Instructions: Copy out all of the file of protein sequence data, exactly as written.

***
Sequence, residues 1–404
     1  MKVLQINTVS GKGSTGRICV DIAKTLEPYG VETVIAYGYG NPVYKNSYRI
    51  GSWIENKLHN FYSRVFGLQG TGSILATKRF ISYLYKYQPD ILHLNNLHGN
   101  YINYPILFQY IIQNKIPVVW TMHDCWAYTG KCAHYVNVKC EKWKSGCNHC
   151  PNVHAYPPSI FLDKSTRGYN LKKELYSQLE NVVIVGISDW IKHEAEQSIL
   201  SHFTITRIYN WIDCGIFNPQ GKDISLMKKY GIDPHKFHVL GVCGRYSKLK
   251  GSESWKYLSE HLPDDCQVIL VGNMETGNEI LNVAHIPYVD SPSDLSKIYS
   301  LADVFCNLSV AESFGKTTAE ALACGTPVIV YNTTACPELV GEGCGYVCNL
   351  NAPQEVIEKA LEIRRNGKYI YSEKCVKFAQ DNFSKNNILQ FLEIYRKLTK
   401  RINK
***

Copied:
Sequence, residues 1–404
     1  MKVLQINTVS GKGSTGRICV DIAKTLEPYG VETVIAYGYG NPVYKNSYRI
    51  GSWIENKLHN FYSRVFGLQG TGSILATKRF ISYLYKYQPD ILHLNNLHGN
   101  YINYPILFQY IIQNKIPVVW TMHDCWAYTG KCAHYVNVKC EKWKSGCNHC
   151  PNVHAYPPSI FLDKSTRGYN LKKELYSQLE NVVIVGISDW IKHEAEQSIL
   201  SHFTITRIYN WIDCGIFNPQ GKDISLMKKY GIDPHKFHVL GVCGRYSKLK
   251  GSESWKYLSE HLPDDCQVIL VGNMETGNEI LNVAHIPYVD SPSDLSKIYS
   301  LADVFCNLSV AESFGKTTAE ALACGTPVIV YNTTACPELV GEGCGYVCNL
   351  NAPQEVIEKA LEIRRNGKYI YSEKCVKFAQ DNFSKNNILQ FLEIYRKLTK
   401  RINK